Celebrating women in the Manufacturing Industry
This International Women’s Day, we’re celebrating top talent from around our business, from innovation leaders and sustainability experts to quality specialists and product designers.
We’re passionate about creating an inclusive culture where diversity thrives and everyone has the opportunity to realise their potential.
Through our core values of creating a caring, challenging and trusted culture, at DS Smith we support and celebrate women every single day.
Meet Rhiannon England and Jasmine Norton, Fibre & Paper Development Laboratory Technicians working in our Group R&D Fibre and Paper Development Laboratory
Here they reveal their experiences as young women working in STEM (Science, Technology, Engineering, and Mathematics) and their hopes for the future.
Jasmine Norton: "During my studies, the main challenges for me were being doubted and having other people in the class speak over me, which made it seem like my opinion wasn't valued as much. It felt like I had a lot more to prove in order to be heard. That has led to a kind of ‘imposter syndrome’ and self-doubt on whether I actually deserve these opportunities. But I know I have the skills, and the degree, and have constantly proven myself to be good enough."
Rhiannon England: "It hasn’t been the easiest journey being a young woman in a heavily male dominated industry, but times are changing, and we are headed for a more diverse future. There have been many instances where people are shocked to hear that I studied a degree in astrophysics and do understand what they are trying to explain to me. It can also sometimes be difficult to get your point across, or feel heard, and you do have to hold your own and develop confidence quickly."
Rhiannon England: "It is extremely important that we work towards achieving a more diverse workforce in STEM fields. While at school, I was the only girl in my A-Level Maths class, and one of three girls in Physics. This got better at university, but still only about 30-40% of our year group were women. We should look at what barriers may be facing young women who are interested in STEM subjects and give them the support they need to carry out their goals. "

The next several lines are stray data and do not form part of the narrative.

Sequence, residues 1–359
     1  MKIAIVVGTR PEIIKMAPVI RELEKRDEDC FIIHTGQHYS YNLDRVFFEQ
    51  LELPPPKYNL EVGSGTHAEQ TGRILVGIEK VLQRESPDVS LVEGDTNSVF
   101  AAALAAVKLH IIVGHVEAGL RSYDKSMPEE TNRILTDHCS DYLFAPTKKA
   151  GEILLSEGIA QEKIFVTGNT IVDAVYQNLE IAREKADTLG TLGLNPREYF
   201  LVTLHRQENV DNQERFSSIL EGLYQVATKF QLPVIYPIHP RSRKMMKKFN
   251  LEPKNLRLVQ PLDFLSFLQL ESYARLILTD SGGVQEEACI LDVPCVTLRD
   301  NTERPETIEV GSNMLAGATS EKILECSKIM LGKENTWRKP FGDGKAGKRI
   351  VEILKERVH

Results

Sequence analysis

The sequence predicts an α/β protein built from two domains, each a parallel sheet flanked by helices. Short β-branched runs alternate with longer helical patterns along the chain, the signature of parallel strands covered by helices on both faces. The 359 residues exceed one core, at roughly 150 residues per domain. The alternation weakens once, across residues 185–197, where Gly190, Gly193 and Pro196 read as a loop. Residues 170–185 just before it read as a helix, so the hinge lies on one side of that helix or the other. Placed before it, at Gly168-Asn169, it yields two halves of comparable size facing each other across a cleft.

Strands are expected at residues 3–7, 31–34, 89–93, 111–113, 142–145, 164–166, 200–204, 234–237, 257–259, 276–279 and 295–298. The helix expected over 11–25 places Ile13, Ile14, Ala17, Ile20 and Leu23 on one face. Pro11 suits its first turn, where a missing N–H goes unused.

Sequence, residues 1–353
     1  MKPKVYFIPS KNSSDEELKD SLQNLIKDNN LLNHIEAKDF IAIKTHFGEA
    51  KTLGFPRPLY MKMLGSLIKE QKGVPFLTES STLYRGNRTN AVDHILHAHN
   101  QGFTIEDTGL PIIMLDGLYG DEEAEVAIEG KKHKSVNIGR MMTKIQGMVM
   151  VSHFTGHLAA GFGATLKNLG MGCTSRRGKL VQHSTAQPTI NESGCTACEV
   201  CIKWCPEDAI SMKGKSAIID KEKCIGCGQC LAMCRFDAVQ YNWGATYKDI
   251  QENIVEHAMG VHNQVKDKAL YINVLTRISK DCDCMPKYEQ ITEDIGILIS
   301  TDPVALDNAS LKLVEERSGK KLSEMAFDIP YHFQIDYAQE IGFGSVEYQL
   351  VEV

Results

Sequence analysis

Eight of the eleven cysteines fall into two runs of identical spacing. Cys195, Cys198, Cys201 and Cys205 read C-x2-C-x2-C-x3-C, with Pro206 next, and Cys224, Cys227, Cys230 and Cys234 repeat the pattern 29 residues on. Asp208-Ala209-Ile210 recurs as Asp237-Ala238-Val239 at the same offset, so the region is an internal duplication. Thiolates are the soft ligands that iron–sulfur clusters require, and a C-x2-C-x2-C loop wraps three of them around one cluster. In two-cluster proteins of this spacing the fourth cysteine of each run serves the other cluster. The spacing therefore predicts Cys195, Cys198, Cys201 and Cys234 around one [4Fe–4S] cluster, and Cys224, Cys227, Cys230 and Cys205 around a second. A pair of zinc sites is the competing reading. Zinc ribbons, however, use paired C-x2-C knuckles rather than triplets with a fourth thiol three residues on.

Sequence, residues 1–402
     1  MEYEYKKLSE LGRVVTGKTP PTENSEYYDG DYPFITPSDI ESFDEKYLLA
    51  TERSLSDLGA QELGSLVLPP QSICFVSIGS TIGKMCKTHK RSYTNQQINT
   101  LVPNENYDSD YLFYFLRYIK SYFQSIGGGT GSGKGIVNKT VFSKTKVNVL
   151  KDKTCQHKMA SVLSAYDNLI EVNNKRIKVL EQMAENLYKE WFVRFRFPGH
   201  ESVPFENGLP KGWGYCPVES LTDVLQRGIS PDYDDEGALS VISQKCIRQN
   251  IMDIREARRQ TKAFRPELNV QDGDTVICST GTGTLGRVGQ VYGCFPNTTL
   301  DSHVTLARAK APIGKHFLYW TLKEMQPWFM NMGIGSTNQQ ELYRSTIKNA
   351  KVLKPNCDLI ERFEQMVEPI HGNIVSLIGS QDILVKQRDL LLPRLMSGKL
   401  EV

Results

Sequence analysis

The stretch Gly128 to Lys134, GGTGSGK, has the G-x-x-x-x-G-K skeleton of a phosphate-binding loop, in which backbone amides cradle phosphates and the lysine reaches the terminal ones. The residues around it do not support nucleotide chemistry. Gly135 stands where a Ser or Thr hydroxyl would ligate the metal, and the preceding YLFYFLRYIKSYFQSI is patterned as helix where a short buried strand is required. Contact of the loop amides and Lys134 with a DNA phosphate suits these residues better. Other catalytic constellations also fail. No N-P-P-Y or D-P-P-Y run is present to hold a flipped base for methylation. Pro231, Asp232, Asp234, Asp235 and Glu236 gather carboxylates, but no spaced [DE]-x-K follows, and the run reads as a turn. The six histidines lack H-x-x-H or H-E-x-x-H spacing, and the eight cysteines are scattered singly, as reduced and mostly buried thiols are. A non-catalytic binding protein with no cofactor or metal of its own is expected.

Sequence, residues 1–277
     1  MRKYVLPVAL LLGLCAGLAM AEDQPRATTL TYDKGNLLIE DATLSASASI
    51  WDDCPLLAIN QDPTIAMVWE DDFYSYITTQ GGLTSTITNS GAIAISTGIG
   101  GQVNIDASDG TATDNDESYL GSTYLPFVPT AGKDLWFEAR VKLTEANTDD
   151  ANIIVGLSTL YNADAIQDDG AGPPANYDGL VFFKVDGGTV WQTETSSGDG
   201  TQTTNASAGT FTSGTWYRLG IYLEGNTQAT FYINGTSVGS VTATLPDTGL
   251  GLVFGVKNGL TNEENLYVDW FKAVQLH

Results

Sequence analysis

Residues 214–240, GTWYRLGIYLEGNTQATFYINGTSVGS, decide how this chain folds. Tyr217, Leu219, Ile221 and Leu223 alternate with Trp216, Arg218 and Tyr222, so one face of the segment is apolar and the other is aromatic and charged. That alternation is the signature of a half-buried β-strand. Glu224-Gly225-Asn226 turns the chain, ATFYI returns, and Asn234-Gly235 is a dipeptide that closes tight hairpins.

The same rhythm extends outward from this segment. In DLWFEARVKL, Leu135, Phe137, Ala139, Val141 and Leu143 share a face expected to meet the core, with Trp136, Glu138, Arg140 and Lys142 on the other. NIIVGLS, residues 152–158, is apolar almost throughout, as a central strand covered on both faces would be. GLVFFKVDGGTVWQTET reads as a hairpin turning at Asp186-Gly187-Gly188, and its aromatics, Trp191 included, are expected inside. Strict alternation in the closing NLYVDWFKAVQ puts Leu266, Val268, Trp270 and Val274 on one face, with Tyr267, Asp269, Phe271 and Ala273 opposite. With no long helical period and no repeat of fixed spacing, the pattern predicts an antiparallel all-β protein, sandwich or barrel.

Jasmine Norton: "It is so important to attract not just women, but people from diverse backgrounds into STEM. The only way to grow and to move on is to have diverse opinions. Things will grow so stagnant if you have no progress and no diversity, and people get stuck in the same mindset on what works and what doesn’t."
Rhiannon England: "I've always been passionate about environmental issues such as global warming and climate change. Most people dream of making a difference in the world but making a positive impact can be difficult to achieve. What drives me every day is knowing that my work is taking an active role in reducing the number of single-use plastics on our planet and developing sustainable packaging solutions that will help combat the climate crisis. We work as a team to research, develop, and implement solutions to some of the biggest issues facing our generation."
Jasmine Norton: "The opportunities to learn are incredibly motivating for me. I’ve only worked here for three months but have already had a lot of training and learned new things. Experts from within DS Smith and beyond, come to visit the lab, so you get to see what everyone is researching and what is going on across the mill and the wider business."
The only way we're ever going to have female role models in STEM is if we encourage more women into the field. Over time, we’ll have more female scientists and more people making contributions.
It is so important to attract not just women, but people from diverse backgrounds into STEM. The only way to grow and move on is to have diverse opinions.
Creating a culture of inclusion is at the heart of everything we do. Read more about our Diversity & Inclusion agenda.